Brace yourself for another D&D Next (5th Edition?) playtest report! This time I wanted to take a stab at something a little different: seeing how effectively Next’s simple mechanics could mesh with an adventure intended for another D&D game system.
I have dabbled a bit with “Dungeon Crawl Classics,” and it’s a cool game with a lot of interesting quirks, but is ultimately a little too old school for my liking, and the character development/options are a bit too bland for what I’m looking for in a game. Where it shines is in its ease of use and simple rules. Given that both DCC and D&D Next operate off of a mechanic close to the core of the D20 System, I figured it would be easy enough to run DCC adventures with the playtest packets instead of their native rules.
To fill a time gap in a playtest game, I quickly cobbled together the end dungeon of Harley Stroh’s “Doom of the Savage Kings” (an adventure inspired by Beowulf, and full of vikings and mead halls – right up my alley!) The session went pretty well, and given that the PCs were all first level, I really didn’t even need to swap out the existing DCC stats for playtest monsters in most cases (given that they were attacking with a +2-4 dealing 1dSomething +2-3 Damage either way). I think the experiment spoke well of both systems, but I wanted to take another crack at it: this time running the whole module and with time to prepare in advance.
So I pitched it to my newest set of players (all folks involved in one way or another with theatre) that I had been running a playtest game with and they were interested. It took a little work to bump the adventure up to be a suitable challenge for 4th level PCs but that mostly involved substituting a monster or two. Given that most of the module’s human opponents need not be overcome with combat I didn’t feel a need to accommodate their stats to higher level PCs.
So with all that boring setup out of the way; the results:
The Rogue’s “Assassinate” – Brutal!
Twice now, a major opponent in a combat was laid low by one crack shot from our archer rogue, using the “assassinate” talent. The damage totals are already high (potentially double max damage), but add on top of that martial damage dice and you have a TON of killing output. This talent is exciting to have as a player, but definitely needs to be tweaked.
Bosses are Wimps
This may not be fair, as numerous factors are influencing the threat level and longevity of “boss” monster (my generous giving of magic items being perhaps chief among them), but given my experience I’d ultimately like there to be some assistance in the rules for this. This need not be a call-to-action to restore my beloved “solo” creatures from 4th edition, quite the contrary, I think leaving meta descriptions for monsters behind is a good thing. But right now it’s difficult to gauge what kind of monsters will result in epic struggles with your players, while not putting them in an unfair scenario. There’s been some discussion of introducing ideas like the old templates, and that’s something I could certainly get behind.
This concept is growing on me a bit, though I’m still not completely sold. It accomplishes a meta goal that advantage also covers – allowing you to seamlessly add those bonuses that sometimes het forgotten in the number crunch at the table. The variability also negates some situations where it is nigh on impossible for a relatively competent character to fail – injecting a bit more tension into the game. And besides – rolling dice is fun; why else would you be involved in this hobby in the first place?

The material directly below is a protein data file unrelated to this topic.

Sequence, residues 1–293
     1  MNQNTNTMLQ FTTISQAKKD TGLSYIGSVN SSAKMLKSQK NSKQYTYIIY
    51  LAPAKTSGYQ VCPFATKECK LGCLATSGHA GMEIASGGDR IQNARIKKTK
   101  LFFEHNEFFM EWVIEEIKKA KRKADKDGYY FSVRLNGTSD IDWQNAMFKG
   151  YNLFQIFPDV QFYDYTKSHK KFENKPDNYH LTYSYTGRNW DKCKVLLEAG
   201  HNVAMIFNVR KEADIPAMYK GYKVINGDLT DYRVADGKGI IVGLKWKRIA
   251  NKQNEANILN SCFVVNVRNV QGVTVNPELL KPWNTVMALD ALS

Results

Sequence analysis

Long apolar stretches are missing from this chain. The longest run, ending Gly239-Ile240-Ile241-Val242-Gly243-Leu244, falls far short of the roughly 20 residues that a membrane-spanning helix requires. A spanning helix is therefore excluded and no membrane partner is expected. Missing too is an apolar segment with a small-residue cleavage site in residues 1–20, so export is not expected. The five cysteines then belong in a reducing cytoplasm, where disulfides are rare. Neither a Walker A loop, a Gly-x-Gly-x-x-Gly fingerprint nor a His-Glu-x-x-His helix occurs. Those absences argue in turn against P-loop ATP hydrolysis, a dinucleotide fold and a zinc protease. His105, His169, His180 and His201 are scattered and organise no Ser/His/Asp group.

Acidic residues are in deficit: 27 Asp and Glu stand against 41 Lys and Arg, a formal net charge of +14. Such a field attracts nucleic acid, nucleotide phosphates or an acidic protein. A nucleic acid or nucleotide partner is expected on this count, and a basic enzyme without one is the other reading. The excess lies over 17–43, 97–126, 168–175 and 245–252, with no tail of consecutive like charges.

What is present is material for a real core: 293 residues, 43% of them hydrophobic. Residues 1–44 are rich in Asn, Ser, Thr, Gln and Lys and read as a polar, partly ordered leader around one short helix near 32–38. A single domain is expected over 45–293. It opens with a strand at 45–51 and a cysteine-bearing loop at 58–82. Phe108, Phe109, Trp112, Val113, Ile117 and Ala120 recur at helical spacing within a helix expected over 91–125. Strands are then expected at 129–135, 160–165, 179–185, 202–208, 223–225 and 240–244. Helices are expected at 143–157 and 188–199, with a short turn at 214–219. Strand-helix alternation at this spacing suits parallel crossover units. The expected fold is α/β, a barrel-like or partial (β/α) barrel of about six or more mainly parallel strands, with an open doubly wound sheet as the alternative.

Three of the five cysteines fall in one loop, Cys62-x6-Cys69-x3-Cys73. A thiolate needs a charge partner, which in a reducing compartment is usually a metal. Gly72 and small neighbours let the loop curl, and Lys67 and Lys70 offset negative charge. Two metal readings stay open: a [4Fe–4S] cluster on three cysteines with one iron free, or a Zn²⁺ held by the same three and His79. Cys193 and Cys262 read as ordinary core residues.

Spell Descriptions Foster Creativity
I think the write-ups for spells are spot on. Providing flavor text to describe the effect, followed by the clearly delineated crunch has let my new-to-the-game players feel like they can experiment with a spell, while still providing them With the knowledge they need to “roll the dice right.” I’ve always believed that the crunchy bits of a spell’s entry were the default way of using it, and that the player was both encouraged and challenged to try using its effects in a creative way (Wall of Force as a slide by which the players escaped down into a chasm is a simple favorite example.) However there’s a fine line between creative application and game exploitation, so having a very clear entry for the spell effect helps keep things on track.
I’ve seen WotC address this directly, but right now the “martial” classes need a bit of tweaking to bring them into balance with each other and help the fighter become something more than just “the guy with all the maneuvers he can’t always use.”
As far as running Next with DCC, I would highly recommend it. As a retro-clone, DCC is known for its brutality, a style of play that I think Next is perfectly capable of accommodating, or disregarding with very little modification (I’d try using the Check and Save DCs outlined in the DM Guidelines document rather than relying on those printed in the adventure for the later option.)
Given my frustrations with “bossification” in D&D Next, the nature of the Hound of Hirot in this adventure helped me to keep up the excitement, and give the players ample opportunities to face down the adventure’s nemesis while still letting them taste the sweet nectars of victory.